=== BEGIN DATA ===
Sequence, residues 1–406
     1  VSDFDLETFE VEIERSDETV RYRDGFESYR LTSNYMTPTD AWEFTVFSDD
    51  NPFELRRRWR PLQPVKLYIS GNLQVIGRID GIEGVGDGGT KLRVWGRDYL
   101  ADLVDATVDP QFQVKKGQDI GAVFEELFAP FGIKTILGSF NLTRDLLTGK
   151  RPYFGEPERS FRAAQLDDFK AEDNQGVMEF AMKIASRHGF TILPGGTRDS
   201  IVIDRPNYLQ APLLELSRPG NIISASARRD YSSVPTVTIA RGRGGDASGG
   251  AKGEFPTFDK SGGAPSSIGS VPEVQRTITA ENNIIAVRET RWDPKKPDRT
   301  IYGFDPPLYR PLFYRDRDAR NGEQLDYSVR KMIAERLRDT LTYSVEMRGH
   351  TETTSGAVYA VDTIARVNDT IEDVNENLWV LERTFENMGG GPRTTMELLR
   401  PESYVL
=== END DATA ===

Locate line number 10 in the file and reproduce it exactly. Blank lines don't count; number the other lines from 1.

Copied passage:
   401  PESYVL